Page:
For those of you who don’t want to read the whole paper, here is the conclusions section.
…. There is a lot of speculation about steroid use in MLB, but the evidence is mostly anecdotal, misleading and incomplete. It is surely not an adequate basis for public policy to 1. assume that there is an increase in home runs, and 2. to assume that steroids are the explanation. The first statement is incorrect, there has been no increase. That makes point two vacuous. There is no need to invoke an external explanation like steroid use when there is no change to be explained.
The same law of home runs holds now that held 40 years ago. Year to year differences in home runs require no explanation; they are all within the variation of the outcomes under the stable probability distribution of home runs. The burst of new records does not require an external explanation like steroids; they are part of the pattern that comes from the nature of the law of home runs.
The pace of new records in recent years is due to the extraordinary accomplishments of three prodigious hitters. We have lucky enough to see three Babe Ruth’s in this generation. Hitters such as these may never appear again. You cannot take an ordinary player and turn them into home run hitters of the accomplishment of Bonds, McGwire, and Sosa by dosing them with steroids. It may even be harmful. Home run hitting of that magnitude is human accomplishment at its highest, as incomparably rare as the work of Einstein or Wagner.
Even greater performances are possible because the long upper tail of the law of home runs gives them positive and non-vanishing probability. The law of home runs says that the probability that Babe Ruth’s record of 60 home runs would be broken is 0.0109, about one in a hundred. Given enough time and hitters, it was almost sure to fall. Barry Bonds’ record of 73 will be harder to break. The probability that his record will be broken is 0.007206, about seven in a thousand.
I have just started reading the whole thing, anything pertinent or revealing will follow. But just read his conclusion; “The same law of home runs holds now that held 40 years ago. Year to year differences in home runs require no explanation; they are all within the variation of the outcomes under the stable probability distribution of home runs.” His paper goes to great lengths, at one point explaining how the same number of home runs per at-bat were hit during 1961 (Maris) and 2001 (Bonds).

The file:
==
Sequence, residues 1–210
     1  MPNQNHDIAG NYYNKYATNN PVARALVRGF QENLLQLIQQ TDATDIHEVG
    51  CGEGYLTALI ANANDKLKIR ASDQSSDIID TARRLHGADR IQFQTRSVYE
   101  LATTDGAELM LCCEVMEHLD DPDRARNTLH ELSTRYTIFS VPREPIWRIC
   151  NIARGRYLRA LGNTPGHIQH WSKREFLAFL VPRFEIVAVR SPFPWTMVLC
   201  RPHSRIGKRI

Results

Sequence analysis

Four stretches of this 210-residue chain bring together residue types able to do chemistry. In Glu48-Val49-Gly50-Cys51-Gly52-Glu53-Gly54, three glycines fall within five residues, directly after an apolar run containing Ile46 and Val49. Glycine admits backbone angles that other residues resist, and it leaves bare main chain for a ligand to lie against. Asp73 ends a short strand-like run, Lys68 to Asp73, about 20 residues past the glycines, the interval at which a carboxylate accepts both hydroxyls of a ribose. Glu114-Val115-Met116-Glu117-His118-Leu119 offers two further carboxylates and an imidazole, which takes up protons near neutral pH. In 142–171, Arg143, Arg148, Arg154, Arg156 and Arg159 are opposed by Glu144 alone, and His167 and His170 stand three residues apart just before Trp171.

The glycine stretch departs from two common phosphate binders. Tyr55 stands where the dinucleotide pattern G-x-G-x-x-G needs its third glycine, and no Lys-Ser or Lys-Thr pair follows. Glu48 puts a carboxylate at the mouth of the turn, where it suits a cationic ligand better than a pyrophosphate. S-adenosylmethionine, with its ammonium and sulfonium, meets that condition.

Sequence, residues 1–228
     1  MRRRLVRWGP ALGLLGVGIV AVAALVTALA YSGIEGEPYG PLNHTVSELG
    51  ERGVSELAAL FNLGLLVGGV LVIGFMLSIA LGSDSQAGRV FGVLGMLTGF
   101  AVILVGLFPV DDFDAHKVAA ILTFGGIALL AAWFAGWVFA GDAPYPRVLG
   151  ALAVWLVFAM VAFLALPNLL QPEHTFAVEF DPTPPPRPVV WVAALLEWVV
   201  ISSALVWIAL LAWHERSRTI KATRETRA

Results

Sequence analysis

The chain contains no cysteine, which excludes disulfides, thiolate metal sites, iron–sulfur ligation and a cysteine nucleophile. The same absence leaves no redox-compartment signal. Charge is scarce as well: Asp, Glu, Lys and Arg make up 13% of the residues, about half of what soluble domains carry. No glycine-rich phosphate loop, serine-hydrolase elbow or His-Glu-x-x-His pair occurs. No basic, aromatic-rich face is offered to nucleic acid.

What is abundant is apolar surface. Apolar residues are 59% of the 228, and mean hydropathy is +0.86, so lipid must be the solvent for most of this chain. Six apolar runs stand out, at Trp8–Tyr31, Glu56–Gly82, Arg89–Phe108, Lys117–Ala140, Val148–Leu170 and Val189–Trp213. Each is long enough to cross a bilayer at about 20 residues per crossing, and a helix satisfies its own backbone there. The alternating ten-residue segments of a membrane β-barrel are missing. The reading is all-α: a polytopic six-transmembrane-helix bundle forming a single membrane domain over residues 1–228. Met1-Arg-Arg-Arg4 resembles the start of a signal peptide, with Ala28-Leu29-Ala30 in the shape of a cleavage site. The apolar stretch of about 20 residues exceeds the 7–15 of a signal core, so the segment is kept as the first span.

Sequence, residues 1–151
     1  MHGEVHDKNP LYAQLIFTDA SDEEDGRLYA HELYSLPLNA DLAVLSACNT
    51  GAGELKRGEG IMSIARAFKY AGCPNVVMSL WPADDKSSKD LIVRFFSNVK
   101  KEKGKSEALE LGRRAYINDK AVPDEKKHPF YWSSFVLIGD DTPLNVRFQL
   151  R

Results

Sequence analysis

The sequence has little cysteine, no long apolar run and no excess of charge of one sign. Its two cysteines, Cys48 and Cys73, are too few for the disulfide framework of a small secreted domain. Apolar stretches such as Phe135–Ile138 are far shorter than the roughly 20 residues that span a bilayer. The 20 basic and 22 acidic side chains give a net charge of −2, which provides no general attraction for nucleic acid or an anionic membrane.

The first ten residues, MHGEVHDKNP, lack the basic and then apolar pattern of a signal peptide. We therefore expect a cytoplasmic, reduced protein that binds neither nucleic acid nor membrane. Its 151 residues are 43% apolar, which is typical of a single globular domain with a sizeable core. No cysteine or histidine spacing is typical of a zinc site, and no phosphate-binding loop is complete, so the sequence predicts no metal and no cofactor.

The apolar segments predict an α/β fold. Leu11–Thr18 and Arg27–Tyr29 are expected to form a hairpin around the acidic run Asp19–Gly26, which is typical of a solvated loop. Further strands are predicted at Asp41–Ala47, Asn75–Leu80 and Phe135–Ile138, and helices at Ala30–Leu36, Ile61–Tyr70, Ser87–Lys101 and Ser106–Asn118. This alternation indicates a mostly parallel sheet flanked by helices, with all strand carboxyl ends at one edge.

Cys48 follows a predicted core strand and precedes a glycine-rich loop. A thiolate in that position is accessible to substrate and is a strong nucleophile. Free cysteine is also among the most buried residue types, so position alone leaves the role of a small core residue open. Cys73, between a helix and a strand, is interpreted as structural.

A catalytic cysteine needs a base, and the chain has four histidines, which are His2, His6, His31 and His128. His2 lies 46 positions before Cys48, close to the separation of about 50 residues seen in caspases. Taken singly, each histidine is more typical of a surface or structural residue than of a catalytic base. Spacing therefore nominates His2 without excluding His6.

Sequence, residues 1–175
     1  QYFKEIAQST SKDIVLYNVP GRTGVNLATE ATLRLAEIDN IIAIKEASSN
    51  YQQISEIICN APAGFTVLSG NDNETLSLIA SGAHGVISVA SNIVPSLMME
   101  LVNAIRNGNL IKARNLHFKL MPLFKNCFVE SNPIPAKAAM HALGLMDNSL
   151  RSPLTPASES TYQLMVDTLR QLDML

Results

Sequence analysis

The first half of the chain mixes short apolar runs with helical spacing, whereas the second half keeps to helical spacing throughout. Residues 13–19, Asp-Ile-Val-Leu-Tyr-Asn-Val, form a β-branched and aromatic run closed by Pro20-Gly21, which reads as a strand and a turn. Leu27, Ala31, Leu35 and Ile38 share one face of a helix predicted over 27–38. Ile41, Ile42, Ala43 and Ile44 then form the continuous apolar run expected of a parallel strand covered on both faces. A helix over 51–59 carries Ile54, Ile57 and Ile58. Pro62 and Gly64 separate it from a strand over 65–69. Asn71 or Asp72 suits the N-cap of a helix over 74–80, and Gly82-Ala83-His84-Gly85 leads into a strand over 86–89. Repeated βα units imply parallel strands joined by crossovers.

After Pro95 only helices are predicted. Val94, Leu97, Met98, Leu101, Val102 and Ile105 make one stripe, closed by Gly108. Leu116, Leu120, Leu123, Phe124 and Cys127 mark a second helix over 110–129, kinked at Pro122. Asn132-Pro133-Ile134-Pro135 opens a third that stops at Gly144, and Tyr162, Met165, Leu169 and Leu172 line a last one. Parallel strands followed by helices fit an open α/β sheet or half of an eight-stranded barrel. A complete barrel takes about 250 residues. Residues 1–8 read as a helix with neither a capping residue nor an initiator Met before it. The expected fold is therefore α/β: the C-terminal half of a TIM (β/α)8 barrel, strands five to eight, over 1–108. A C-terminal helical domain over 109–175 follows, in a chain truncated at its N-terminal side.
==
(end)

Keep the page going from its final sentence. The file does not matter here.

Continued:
He also explains that during Ruth’s home run explosion, the HR record was broken several times in a short span of time, demonstrating that once a record is breached, it becomes more available, much like what happened when Roger Bannister finally broke the four-minute mile barrier. Another factor that needs mentioning is that the game conditions that make it favorable for a record to fall also make it possible for it to fall several times.
He goes on to look at home runs per hit, a measure that he feels has the most importance:
…. I chose home runs per hit to get a sense of whether or not current hitters hit with more power than earlier hitters. Home runs per hit strikes me as a good measure of this; if hitters are more powerful, then of the hits they do get, more of them should be home runs. I want to note that technique has improved markedly over the years. Now, most players have well-schooled and soundly technical swing mechanics and that is a factor in generating power. Ballparks have changed too. And, to some extent, so have bats. Even though they are still made of wood, they can be made of denser wood and their design can alter the moment of inertia, a factor in power production. So, whatever you read into the statistics reported in the paper regarding power, technique, or steroids you must keep those factors in mind.
…. The stellar performer is Mark McGwire from the very beginning of his career in 1987*, nearly a third of his hits were home runs. *(italics mine)
…. Why do all the attempts at explaining an increase in MLB home runs seem to fail? I think it is because they are attempting to explain something that has not happened. There are no more home runs in baseball than before when the problem is properly analyzed. Once the number of games and other variables are factored into home run productivity and the random nature of home run hitting is taken into account, there is no change.
Excellent, detailed, and dense, Devany’s work is a must-read for anyone who wants to engage in this debate. Which means that no one in Congress or the mainstream media will read it, of course.